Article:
Aphasia affects the ability to speak, comprehend spoken language, read and write. One third of stroke survivors experience aphasia. Evidence suggests that aphasia can continue to improve after the first few months with intensive speech and language therapy, which is frequently beyond what resources allow. The development of computer software for language practice provides an opportunity for self-managed therapy. This pragmatic randomised controlled trial will investigate the clinical and cost effectiveness of a computerised approach to long-term aphasia therapy post stroke.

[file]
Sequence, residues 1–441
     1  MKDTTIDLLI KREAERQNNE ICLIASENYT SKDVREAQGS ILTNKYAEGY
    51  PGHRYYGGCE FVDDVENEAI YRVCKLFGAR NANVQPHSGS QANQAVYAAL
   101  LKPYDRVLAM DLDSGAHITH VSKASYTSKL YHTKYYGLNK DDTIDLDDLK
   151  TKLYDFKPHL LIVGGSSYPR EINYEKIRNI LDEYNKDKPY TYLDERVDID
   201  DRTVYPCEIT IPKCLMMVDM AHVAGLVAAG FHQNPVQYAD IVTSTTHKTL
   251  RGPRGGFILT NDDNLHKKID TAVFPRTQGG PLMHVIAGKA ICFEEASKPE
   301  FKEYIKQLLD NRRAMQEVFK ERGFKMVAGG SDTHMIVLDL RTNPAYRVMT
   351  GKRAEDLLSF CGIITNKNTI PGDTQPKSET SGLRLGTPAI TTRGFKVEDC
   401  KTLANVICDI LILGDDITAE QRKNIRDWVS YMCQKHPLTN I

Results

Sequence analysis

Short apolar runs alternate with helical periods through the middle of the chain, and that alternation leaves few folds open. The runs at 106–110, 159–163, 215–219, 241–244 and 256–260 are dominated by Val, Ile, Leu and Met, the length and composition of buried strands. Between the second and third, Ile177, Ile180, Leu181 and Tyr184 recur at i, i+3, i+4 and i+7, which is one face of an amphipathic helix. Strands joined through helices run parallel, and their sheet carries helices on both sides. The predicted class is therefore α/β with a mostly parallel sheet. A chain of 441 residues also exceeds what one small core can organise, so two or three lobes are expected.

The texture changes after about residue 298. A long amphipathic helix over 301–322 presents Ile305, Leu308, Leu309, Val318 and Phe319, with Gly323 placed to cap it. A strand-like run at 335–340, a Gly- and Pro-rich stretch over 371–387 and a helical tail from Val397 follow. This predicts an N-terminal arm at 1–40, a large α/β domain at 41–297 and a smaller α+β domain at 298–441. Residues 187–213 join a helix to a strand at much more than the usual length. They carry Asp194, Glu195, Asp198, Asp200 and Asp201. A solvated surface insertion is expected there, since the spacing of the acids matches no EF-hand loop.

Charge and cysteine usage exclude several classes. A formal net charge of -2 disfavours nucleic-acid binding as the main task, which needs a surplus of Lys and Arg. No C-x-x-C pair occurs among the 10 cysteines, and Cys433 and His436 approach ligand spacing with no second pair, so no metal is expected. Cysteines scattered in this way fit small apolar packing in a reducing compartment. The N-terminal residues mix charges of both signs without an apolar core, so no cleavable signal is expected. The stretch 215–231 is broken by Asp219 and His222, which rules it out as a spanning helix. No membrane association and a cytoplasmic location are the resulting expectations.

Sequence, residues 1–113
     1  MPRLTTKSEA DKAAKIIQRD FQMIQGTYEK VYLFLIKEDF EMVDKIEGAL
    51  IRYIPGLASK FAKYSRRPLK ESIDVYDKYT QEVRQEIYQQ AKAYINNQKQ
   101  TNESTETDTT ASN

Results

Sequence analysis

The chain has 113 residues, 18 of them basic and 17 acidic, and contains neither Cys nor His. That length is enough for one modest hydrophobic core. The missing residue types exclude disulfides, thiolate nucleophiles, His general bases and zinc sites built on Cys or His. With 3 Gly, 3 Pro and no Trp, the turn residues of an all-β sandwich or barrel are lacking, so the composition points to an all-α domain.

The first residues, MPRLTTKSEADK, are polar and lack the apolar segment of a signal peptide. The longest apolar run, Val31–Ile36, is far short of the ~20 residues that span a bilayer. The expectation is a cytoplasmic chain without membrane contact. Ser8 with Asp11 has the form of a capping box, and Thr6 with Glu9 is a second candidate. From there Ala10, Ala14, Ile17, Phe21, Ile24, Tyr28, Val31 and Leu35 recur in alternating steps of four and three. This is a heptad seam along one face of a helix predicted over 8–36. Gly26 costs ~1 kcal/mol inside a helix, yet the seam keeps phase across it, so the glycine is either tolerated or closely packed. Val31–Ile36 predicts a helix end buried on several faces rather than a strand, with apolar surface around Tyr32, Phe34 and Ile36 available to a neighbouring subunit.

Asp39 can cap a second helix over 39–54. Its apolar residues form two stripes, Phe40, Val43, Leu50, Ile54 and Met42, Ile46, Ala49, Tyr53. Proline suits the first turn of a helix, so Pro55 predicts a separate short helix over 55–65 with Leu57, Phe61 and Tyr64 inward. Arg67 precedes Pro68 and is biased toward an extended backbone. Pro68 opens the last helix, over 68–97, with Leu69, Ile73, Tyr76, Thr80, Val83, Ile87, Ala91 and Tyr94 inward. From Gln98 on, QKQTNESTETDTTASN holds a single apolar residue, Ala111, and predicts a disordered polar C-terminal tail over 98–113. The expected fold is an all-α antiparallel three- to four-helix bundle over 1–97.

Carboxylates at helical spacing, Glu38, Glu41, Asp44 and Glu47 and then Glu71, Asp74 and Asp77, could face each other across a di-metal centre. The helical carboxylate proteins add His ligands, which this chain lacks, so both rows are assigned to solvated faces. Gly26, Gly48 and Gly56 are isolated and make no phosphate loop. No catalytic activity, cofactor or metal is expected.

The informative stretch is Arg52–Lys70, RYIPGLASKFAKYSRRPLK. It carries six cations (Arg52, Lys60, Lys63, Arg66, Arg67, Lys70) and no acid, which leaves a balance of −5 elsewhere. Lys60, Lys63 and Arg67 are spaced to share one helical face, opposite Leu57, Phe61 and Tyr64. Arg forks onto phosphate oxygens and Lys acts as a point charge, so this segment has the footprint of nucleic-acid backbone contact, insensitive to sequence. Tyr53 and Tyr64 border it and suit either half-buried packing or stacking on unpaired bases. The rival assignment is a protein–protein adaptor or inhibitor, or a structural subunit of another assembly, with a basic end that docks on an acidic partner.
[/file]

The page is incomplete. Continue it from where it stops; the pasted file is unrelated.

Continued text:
|Number of pages||12|
|Publication status||Published - Jan 2015|
- stroke recovery
- computerised intervention
- rehabilitation and therapy
Palmer, R., Cooper, C., Enderby, P., Brady, M., Julious, S., Bowen, A., & Latimer, N. (2015). Clinical and cost effectiveness of computer treatment for aphasia post stroke (Big CACTUS): study protocol for a randomised controlled trial. Trial, 16(18), 1-12. https://doi.org/10.1186/s13063-014-0527-7